The European ETF industry enjoyed inflows over the course of June 2023, writes Detlef Glow, head of Lipper EMEA research. These inflows occurred in a somewhat unstable but positive market environment in which some asset classes showed positive results, he says.
Meanwhile, others performed negatively over the course of the month. The market sentiment was still driven by hopes that central banks, especially the US Federal Reserve, may have reached the last phase of their fight against the high and further increasing inflation rates and may, therefore, start to keep interest rates at least stable quite soon, Glow says.
“Some investors already expect that there might be room for decreasing interest rates later this year. Nevertheless, there are still some concerns about geopolitical tensions, and the normalisation of the disrupted delivery chains, as well as a still possible recession in the U.S. and other major economies around the globe. These fears are raised by inverted yield curves which are seen as an early indicator for a possible recession.”
The performance of the underlying markets led in conjunction with the estimated net inflows to increasing assets under management (from EUR1,369.0 billion as of May 31, 2023, to EUR1,407.7 billion at the end of June). At a closer look, the increase in assets under management of EUR38.6 billion for June was driven by the performance of the underlying markets (+EUR27.2 billion), while the estimated net inflows contributed (+EUR11.5 billion) to the growth in assets under management.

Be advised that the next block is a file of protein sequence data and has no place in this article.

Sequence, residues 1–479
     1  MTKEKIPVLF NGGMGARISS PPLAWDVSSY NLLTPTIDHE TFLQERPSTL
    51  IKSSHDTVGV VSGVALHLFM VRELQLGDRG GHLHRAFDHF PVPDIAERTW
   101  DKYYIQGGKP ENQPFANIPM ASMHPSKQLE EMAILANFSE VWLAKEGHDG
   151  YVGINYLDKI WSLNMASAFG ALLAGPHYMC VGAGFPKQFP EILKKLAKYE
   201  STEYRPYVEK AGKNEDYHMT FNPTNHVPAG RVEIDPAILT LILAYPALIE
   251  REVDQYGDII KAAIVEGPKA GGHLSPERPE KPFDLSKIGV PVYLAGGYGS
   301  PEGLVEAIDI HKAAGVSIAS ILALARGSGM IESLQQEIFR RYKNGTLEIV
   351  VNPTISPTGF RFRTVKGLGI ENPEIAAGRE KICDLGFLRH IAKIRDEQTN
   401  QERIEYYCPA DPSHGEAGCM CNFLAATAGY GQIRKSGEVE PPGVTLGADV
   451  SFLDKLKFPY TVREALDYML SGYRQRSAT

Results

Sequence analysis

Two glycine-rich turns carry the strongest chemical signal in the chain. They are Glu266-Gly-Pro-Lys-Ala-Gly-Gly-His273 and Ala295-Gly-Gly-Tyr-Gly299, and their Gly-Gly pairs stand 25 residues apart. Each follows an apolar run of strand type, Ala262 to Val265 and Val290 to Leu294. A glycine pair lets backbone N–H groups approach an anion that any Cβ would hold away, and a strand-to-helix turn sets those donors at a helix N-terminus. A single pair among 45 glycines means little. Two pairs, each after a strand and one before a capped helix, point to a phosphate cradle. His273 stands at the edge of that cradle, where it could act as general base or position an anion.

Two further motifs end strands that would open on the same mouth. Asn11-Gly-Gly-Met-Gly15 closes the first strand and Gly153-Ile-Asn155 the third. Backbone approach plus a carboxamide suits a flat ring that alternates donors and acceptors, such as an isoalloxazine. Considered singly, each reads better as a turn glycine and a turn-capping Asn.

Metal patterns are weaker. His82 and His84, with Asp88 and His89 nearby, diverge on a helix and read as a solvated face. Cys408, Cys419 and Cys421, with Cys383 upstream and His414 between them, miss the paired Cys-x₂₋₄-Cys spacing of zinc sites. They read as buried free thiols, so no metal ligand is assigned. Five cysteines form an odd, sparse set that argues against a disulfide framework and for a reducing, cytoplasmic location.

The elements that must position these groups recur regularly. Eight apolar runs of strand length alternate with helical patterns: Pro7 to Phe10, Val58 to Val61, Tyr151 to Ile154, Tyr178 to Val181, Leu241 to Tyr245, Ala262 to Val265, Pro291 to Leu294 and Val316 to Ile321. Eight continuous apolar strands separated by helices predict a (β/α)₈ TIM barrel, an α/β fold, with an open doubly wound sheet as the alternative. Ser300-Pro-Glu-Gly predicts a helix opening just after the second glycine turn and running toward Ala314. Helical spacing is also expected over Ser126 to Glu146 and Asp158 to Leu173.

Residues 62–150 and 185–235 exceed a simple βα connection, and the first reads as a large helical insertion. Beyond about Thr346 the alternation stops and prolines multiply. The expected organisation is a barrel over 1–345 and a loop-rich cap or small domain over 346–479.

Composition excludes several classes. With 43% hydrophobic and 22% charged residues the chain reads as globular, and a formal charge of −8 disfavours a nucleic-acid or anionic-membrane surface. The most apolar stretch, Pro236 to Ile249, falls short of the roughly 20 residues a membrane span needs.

As for the overall structure of the European ETF industry, Glow writes that it was not surprising equity funds (EUR1,014.0 billion) held the majority of assets, followed by bond funds (EUR337.1 billion), commodities products (EUR31.3 billion), money market products (EUR16.2 billion), alternative UCITS products (EUR5.6 billion), and mixed-assets funds (EUR3.6 billion).
Fund flows by asset type
The European ETF industry enjoyed estimated net inflows (+EUR11.5 billion), Glow writes, commenting that these flows were way above the rolling 12-month average (EUR7.9 billion).